I had never finished a story.
Technically untrue, there were little short stories I’d pounded out, but I’d never finished a novel. Novel length stories are a considerable undertaking. It’s not just the major plot arc, which is easy to plot out, it’s the details. When you’re writing a story, your only goal is to get from a to b, hopefully by a route that makes sense. But what you wrote on page 40 isn’t in your head when you write the climax on page 350. That one detail can bedevil you, either by missing it completely and having your readership point it out, or by having to backtrack over 310 pages and clean up the mistake.
Naturally, never having achieved this goal before, I had never entered into the land beyond, the land of formatting and proofing and printing and selling. It is a foreign land, with strange sensibilities and arcane vocabulary.
Now that I have seen beyond the curtain somewhat, I understand why publishing is a separate business. My first proofs were rife with errors. The software somehow ate upwards of 300 indents through the story. The cover was overdone. Oh, and the last quotation mark on the last sentence of the book was missing.
My husband was over the moon that he was holding a book in his hand, but I, on the other hand, was horrified. I contacted my publisher and advised them of all the print errors in the proof. This is where I found out about the software issue.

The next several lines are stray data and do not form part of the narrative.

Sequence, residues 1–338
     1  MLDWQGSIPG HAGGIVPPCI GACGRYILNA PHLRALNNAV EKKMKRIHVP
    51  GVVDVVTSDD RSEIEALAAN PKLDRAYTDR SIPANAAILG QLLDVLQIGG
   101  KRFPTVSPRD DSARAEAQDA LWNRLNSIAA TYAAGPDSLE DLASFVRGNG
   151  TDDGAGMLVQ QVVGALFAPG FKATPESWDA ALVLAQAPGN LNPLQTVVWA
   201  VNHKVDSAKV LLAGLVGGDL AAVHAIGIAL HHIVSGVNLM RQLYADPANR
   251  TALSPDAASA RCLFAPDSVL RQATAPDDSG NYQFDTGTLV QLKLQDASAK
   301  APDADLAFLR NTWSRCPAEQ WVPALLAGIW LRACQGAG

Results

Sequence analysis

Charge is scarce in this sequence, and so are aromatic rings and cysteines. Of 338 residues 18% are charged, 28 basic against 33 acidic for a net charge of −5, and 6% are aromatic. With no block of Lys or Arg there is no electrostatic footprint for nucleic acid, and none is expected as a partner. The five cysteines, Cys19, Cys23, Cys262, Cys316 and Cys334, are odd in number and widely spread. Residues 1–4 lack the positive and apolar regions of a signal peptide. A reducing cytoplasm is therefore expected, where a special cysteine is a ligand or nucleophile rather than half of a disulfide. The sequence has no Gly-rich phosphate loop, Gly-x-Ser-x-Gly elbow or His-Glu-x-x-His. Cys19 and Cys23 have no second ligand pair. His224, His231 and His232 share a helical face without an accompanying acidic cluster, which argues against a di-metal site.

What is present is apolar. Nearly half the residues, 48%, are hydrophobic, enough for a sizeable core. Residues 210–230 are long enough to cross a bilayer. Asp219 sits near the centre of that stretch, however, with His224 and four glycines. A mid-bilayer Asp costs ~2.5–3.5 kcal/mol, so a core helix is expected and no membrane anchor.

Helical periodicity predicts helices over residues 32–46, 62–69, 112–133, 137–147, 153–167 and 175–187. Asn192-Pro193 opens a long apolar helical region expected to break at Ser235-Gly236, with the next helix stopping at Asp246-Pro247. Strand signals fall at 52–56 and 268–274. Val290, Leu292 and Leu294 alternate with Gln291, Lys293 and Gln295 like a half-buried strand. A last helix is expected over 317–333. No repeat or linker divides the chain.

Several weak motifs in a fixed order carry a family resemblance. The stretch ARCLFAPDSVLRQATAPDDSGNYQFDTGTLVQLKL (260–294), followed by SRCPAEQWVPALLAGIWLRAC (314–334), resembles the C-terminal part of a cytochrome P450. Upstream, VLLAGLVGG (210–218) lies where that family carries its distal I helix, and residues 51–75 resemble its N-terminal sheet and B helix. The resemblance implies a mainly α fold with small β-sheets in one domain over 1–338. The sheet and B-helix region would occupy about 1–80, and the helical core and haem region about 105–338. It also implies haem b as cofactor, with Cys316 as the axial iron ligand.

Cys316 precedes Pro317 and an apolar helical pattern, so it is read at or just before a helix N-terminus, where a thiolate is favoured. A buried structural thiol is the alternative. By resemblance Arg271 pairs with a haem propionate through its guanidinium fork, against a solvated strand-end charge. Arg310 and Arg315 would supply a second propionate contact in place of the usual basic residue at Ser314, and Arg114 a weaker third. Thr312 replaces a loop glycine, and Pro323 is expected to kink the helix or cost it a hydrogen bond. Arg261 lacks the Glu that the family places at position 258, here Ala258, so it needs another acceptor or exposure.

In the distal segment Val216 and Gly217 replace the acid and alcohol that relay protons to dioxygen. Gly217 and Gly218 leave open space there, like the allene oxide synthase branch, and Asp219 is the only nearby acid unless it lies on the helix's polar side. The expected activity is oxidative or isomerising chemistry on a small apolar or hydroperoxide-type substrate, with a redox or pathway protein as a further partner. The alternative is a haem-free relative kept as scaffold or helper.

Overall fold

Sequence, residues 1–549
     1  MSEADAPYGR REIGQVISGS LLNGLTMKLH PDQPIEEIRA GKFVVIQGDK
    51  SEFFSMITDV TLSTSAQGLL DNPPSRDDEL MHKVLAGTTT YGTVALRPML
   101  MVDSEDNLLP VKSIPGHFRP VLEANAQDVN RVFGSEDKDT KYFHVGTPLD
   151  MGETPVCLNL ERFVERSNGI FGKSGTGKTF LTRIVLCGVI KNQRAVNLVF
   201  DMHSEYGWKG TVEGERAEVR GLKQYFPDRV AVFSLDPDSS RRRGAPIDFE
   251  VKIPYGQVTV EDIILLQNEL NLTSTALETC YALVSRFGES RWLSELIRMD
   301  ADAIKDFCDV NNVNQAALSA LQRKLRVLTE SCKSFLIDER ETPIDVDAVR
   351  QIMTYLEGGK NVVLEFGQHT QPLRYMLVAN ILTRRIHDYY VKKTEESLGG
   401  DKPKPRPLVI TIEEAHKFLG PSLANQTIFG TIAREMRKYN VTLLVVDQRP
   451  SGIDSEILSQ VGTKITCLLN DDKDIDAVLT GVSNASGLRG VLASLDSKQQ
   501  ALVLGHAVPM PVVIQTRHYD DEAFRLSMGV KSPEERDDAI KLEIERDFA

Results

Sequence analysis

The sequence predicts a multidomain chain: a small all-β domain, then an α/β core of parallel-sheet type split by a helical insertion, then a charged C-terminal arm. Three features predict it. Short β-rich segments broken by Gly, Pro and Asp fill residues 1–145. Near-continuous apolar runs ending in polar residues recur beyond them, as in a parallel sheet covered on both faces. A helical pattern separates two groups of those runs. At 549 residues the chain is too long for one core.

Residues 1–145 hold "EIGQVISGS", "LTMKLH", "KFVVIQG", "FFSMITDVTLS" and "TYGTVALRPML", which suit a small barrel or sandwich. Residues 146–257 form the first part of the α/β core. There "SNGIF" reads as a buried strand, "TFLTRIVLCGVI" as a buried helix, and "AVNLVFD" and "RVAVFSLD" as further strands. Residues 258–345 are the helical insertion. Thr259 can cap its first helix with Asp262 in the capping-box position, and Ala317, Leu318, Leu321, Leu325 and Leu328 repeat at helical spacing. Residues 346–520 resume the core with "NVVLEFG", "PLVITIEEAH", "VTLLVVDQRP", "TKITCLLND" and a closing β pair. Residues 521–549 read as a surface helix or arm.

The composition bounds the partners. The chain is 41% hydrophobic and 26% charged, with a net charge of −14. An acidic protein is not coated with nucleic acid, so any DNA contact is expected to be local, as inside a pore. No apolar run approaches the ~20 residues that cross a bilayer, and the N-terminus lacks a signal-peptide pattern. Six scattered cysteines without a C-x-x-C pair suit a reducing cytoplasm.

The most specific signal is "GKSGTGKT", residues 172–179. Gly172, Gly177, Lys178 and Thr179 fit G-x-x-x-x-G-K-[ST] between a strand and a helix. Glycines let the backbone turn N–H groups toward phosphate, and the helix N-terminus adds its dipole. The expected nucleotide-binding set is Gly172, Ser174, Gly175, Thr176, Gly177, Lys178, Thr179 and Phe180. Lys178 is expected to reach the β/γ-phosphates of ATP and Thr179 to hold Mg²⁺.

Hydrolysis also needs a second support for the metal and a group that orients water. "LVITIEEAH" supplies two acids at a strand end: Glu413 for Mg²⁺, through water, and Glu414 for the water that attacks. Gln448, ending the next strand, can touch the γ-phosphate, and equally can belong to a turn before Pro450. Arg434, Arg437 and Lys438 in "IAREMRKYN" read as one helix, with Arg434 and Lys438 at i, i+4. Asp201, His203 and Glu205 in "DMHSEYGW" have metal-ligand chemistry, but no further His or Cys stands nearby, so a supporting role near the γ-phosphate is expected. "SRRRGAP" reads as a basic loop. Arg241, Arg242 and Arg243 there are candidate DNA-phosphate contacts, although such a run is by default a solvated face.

Looking back now, I’m not as horrified by the proof. It exemplified the point of the proof. Of having good communication with the publisher, and the patience to remember that rarely is anything perfect the first time. My first draft of The Corsican wasn’t perfect, it’s not perfect now, and the proof is that reminder. It also reminds me of how far I have come.
I could have been more prepared, but I think only slightly more so, even if I’d reserached. The Publishing Conglom keeps their system under wraps, to maintain their niche. It’s not a good strategy when indie publishers are racing in to scoop up the e-book share of the market. Having spoken with a friend of mine who published about a year before me, I know that the indie publishers lack in poise, but make up for it in chutzpah.
It is a changing world that we enter when we step onto the publishing stage, but if there is anything that remains true, the written word is not going anywhere any time soon.